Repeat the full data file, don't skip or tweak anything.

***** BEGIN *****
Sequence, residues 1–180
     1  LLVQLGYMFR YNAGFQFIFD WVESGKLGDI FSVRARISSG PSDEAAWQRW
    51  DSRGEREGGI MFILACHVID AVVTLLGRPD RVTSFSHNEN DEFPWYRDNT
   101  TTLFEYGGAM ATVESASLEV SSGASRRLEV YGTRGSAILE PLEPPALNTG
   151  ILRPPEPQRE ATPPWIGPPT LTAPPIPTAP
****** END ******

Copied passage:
Sequence, residues 1–180
     1  LLVQLGYMFR YNAGFQFIFD WVESGKLGDI FSVRARISSG PSDEAAWQRW
    51  DSRGEREGGI MFILACHVID AVVTLLGRPD RVTSFSHNEN DEFPWYRDNT
   101  TTLFEYGGAM ATVESASLEV SSGASRRLEV YGTRGSAILE PLEPPALNTG
   151  ILRPPEPQRE ATPPWIGPPT LTAPPIPTAP